Pierre Teilhard de Chardin   (1965)

Building The Earth

A visionary and hopeful book on humanity's future relationship to the planet from which it arose, Teilhard outlines a new psychological state of awareness in which individual humans unite into planetary Personhood. Paragraphs are arranged in verse and interspersed with delicate graphic illustrations.

Pierre Teilhard de Chardin   (1916)

Cosmic Life

Teilhard de Chardin seeks to harmonize his ardent faith with a boundless love for the cosmos. He finds solace in the belief that the incarnation unites all. Thus, surrendering oneself to the cosmic forces and gently guiding them towards good enables all beings to participate in softly unfolding a new era of harmony. Cosmic Life was the first of Teilhard’s extant writings in his characteristic style. Knowing what risks he was exposed to at the warfront, he wrote it as his intellectual testament, and it contains in embryo all that was later to be developed in his thought; the “fire in his vision” which he tried to communicate.

Terence McKenna   (1996)

Countdown Into Complexity

Briefing for a Descent Into Novelty

At his weekend workshop Terence led attendees on an intellectual odyssey traversing psychedelics, virtual reality, technology, culture, spirituality, and the evolution of novelty over time. Blending philosophy, futurology, and mysticism, he explored humanity's relationship with nature and machines, challenging participants to think critically, create freely, and keep an open mind. The goal was to expand consciousness and uncover deeper truths about existence.

Pierre Teilhard de Chardin   (1950)

How May We Conceive And Hope That Human Unanimization Will Be Realized On Earth?

Amid the depressing spectacle of human chaos, Teilhard sees glimmers of hope for unanimity. Geographic crowding and intellectual cross-pollination compress us, while deeper forces of attraction pull us together—a rekindled sense of shared species-destiny, and for some, a longing for a “universal lover” at the apex of cosmic evolution to which all egos could converge. Might such planetary energies of compression and gravitational yearning ultimately triumph over our instincts for dispersal? Teilhard dares to envision an inexorable trajectory toward an “Omega” unifying human consciousness.

Terence McKenna   (1998)

In the Valley of Novelty

Journeying through multiple dimensions of psychedelic consciousness, Terence McKenna's visionary weekend workshop invites us on an entheogenic voyage to the frontiers of the mind and its imminent conquering of matter. Blending scientific insights with shamanic wisdom, McKenna argues that natural plant medicines like psilocybin and DMT provide portals into mystical realms and alien dimensions, catalyzing revelations about nature, reality, and the human psyche. He urges us to courageously explore these consciousness-expanding substances, seeking the gratuitous beauty and truths they unveil. For McKenna, the psychedelic experience holds secrets to our world and ourselves—if only we dare lift the veil.

Pierre Teilhard de Chardin   (1966)

Man's Place in Nature

The Human Zoological Group

In this book Teilhard expounds the evolutionary history of the Earth, the arrival of the human species, and its destiny in the far future. He identifies certain threads of recurrence in evolution's past, and uses these laws of recurrence to project the most probable future destiny of the planet. Teilhard's ingenious conclusion is that evolution is in fact involuting on itself, meaning that the future (like the past) is one of convergence and synthesis, heading towards a single unity he calls the Omega Point.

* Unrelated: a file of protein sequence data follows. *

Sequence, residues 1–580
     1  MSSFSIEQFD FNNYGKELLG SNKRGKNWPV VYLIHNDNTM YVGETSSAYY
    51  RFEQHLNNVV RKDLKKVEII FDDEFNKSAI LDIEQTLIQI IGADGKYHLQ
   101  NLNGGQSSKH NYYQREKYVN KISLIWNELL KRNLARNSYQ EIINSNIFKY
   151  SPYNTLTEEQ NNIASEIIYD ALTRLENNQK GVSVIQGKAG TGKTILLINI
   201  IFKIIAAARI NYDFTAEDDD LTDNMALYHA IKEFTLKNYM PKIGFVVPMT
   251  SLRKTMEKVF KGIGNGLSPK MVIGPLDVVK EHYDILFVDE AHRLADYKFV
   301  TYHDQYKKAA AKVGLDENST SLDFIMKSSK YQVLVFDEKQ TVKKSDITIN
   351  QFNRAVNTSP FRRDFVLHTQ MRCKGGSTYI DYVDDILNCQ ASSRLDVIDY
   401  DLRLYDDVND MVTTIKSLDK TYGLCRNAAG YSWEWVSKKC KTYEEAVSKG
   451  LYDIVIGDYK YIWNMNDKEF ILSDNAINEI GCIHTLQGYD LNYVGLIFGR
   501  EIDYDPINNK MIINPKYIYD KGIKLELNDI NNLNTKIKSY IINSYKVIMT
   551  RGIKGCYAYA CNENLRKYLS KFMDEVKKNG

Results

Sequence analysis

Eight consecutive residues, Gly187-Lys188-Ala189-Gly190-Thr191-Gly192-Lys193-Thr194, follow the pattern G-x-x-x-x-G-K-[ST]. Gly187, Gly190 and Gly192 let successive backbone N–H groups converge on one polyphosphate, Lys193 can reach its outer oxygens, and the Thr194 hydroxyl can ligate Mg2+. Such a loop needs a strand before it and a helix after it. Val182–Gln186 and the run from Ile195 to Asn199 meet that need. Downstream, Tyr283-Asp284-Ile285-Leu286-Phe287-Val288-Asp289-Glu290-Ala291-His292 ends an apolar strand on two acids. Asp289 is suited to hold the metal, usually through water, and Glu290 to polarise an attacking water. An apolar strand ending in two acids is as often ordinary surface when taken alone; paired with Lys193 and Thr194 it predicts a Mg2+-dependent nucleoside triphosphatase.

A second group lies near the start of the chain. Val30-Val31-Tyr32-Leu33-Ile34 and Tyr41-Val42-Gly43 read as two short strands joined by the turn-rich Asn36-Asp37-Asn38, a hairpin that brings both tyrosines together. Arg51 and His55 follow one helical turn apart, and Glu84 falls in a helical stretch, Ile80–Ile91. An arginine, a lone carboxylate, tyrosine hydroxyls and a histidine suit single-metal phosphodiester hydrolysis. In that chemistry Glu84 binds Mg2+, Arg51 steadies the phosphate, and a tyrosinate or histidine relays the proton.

Terence McKenna   (1997)

Our Cyberspiritual Future

Terence holds court on our civilization's journey toward the eschaton at this weekend Esalen gathering. He riffs on topics from psychedelic states and alien intelligences to time travel and VR. McKenna argues we're evolving toward an unimaginable state of accelerating novelty, propelled by advancing technology. A mind-expanding ride for the open-minded psychonaut or armchair traveler, guided by one of the twentieth century's most eclectic thinkers.

Terence McKenna   (1999)

Psychedelics in the Age of Intelligent Machines

Humanity is metamorphosing through the synergy of psychedelics and machines, transcending biological constraints to become a galactic, immortal intelligencia. Print defined our ego boundaries, but electronic media and plant allies are dissolving those illusions. Merging with superintelligent AIs, we’ll birth an alchemical singularity—a spiritual, universe-taming mind born from techno-shamanic ecstasy. History crumbles as novelty’s virus engulfs the old operating systems, unleashing our wildest potentials. The felt presence of boundless experience awaits!

Pierre Teilhard de Chardin   (1953)

Reflection on the Compression of Mankind

In this compressed world, humanity feels the squeeze. But despair not! This pressure cooker of co-reflection may be evolution's secret recipe for elevating consciousness. As we rub elbows and neurons, a tantalizing possibility emerges on the horizon: a cosmic convergence of minds, a "conspiration" of monads. Will this psychic attraction be our salvation, harmonizing the restless billions? The thinking earth must choose: chaotic crush or convergent release. Intriguing times ahead!

Pierre Teilhard de Chardin   (1961)

Survival

Teilhard de Chardin's book, The Phenomenon of Man, reinterpreted in a visual format to illustrate the complex topics covered therein.

Paolo Soleri   (1973)

The Bridge Between Matter And Spirit is Matter Becoming Spirit

The Arcology of Paolo Soleri

This volume brings together the essays of Paolo Soleri in which he sets forth his philosophy of arcology (architecture ecology) and pleads for a new stage in the evolution of human society—a move toward compactness, or miniaturization, of our cities. To do so we must build solids rather than veneers; we must flee from a “flat” cityscape that debilitates and suppresses the individual. Arcologies, three dimensional macrostructures, are for populations of thousands or of millions.

Pierre Teilhard de Chardin   (1951)

The Convergence of the Universe